The Little Legends programme supports B40 and M40 children with an after-school programme that includes squash training, English tutoring and life skills. The subsidised programme enables children ages eight to 12 to be trained for five years before they go to secondary school. They are selected for the programme from public schools in the surrounding areas of Bukit Jalil and Sri Petaling. – Datuk Nicol Ann David, former Malaysian squash player[6]

#3: Azizulhasni Awang Advocates For Better Mental Health

Source: The Vibes

34-year-old Datuk Azizulhasni Awang, a national track cyclist has gone to great lengths to make his country proud. Earlier this month, he has crowned the Athlete of the Year at the Sportswriters Association of Malaysia (SAM) 100Plus Unity 2020/2021 Awards. He also bagged the same award in 2009, 2017, and 2019[7]. Alongside these are his prominent wins at the Tokyo Olympics winning a silver medal, and receiving a bronze medal at the Rio Olympics.

But these achievements didn’t come easy. With these came blood, sweat and tears that many don’t see. An advocate for mental health, Azizul speaks out on the misconception that our national athletes have it all together. 

There are a lot of misconceptions that just because I look physically strong, and I won medals, I shouldn’t seek help and that I’ll be fine on my own. But the reality is if I don’t seek professional help, it will create more problems because I’m under pressure (almost) every day. – Datuk Azizulhasni Awang, national track cyclist[8]

With the pressure to attain high achievement, athletes often compromise their mental health to attain success. A study by the University of Toronto has shown that elite athletes were prone to mental health struggles. These included anxiety and depression. However, these struggles are often masked by the hectic schedules and strong outlooks of these athletes[9].

Just because I train every day, it doesn’t mean my performance improves all the time. There are ups and downs, and I could be physically and mentally tired too. – Datuk Azizulhasni Awang, national track cyclist[8]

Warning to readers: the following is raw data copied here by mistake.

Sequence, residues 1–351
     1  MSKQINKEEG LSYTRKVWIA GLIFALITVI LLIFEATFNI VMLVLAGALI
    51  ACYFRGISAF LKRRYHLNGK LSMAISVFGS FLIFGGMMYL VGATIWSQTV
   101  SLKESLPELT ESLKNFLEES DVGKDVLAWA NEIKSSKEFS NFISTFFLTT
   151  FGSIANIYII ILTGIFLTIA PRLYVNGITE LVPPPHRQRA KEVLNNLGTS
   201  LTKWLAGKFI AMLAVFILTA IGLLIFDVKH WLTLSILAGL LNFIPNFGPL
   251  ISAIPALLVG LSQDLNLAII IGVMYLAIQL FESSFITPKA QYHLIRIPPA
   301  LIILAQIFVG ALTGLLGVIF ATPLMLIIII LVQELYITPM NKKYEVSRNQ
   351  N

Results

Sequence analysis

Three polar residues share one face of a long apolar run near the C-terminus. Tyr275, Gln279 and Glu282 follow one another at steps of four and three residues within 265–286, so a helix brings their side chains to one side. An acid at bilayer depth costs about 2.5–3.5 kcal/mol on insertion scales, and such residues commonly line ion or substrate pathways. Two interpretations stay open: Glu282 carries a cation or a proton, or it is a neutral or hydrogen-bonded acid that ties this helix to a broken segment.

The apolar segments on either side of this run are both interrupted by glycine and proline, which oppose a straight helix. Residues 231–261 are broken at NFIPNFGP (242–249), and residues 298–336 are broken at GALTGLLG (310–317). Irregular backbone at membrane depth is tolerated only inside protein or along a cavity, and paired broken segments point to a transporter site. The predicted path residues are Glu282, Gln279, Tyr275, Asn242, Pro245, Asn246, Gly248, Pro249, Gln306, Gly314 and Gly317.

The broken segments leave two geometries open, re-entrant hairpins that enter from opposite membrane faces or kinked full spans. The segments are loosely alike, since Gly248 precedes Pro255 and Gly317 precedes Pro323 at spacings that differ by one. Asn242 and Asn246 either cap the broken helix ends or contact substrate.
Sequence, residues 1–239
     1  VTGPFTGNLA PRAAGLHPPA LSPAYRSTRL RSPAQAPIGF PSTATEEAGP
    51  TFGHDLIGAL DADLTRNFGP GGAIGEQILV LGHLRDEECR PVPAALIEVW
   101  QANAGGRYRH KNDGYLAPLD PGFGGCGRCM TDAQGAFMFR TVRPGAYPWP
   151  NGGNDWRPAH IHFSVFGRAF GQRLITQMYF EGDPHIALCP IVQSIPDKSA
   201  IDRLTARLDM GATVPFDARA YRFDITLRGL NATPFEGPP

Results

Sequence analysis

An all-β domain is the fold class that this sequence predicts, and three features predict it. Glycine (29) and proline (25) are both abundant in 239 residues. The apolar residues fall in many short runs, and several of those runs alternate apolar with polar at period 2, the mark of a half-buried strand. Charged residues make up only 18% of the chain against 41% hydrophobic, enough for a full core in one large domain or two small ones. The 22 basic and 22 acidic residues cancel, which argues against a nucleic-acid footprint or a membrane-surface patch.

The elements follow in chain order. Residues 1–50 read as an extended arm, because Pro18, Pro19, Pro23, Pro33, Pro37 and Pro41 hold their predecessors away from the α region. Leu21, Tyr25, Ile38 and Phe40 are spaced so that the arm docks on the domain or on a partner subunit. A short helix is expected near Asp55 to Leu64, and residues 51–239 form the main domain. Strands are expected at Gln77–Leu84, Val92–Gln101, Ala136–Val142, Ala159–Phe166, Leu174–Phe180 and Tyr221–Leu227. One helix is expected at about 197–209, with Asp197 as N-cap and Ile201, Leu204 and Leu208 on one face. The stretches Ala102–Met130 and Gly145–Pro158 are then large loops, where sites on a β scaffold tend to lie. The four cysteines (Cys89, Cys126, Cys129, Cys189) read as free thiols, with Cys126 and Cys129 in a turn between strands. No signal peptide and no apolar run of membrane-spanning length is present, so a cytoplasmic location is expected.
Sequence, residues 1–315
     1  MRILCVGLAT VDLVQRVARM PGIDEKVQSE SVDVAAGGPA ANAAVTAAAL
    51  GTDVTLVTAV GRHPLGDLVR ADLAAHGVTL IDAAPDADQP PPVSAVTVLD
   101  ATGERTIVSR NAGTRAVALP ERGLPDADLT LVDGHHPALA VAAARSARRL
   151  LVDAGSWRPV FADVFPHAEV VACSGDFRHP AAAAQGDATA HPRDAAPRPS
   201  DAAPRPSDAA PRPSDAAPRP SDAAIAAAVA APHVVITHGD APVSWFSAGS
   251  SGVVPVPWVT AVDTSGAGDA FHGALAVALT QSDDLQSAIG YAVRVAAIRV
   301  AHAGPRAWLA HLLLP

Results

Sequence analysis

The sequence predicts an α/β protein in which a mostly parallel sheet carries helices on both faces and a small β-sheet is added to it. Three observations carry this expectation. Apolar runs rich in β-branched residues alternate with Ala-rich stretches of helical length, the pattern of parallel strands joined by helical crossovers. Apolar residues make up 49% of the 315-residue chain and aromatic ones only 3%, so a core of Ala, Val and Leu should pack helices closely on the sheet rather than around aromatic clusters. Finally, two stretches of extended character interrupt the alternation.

During the Tokyo Olympics, he had his heart set on the prize – First Place. Azizul felt that he was at his peak. But things don’t always go as planned. Shocked by the results, he had to navigate his thoughts. He began to learn that emphasizing his mental health was just as important as competing. In 2021, he pledged to support the Green Ribbon Movement, a platform placing awareness on mental health[9].

If you don’t do something to ‘service’ your mind, you are bound to break down eventually. There are people who could help. We just need to reach out to them to allow them to help us. –  Datuk Azizulhasni Awang, national track cyclist[8]

#4: Eddie Lim Develops Youth Through Coaching

Source: The Sun

Eddie Lim is a former national Taekwondo athlete in the early 2000s. When he was 18, Eddie took home a gold medal in the men’s category at the 22nd Southeast Asian (SEA) Games in Vietnam in 2003, being the youngest at the time. After four years of being a national athlete, Eddie retired in 2004 and moved on to pursue a career in coaching[11]

He’s currently the Head of the Youth Bureau under the ASEAN Retailers and Franchise Federation (ARFF), an organisation established to promote economic growth while developing commercial opportunities throughout the entire ASEAN region and beyond[12].

Aside from this, Eddie was inspired to give back after receiving years of training from his taekwondo days.

I started coaching Taekwondo at a very young age – 15 years old to be exact – helping out my coach when he was not available. I believe that great coaches are like great teachers; they do not just train and teach you but are also able to inspire and make you want to be a better student. I owe a big part of my growth in the sport of Taekwondo to my coaches. – Eddie Lim, former national Taekwondo athlete[11]

In 2011, he founded Youth World Development Sdn Bhd, a platform offering quality education for youths in Malaysia. 

[A] coach’s responsibility does not just revolve around teaching technical skills – it is also about instilling positive values into a student’s lifestyle and behaviour in a more holistic manner. I wanted to reach out to more young people with this message, and that was when I started Youth World to achieve this goal. – Eddie Lim, former national Taekwondo athlete[11]

To impact the lives of students in Malaysia, Youth World conducts PT3 and SPM seminars, runs corporate campaigns in schools and aids students to seek university placements.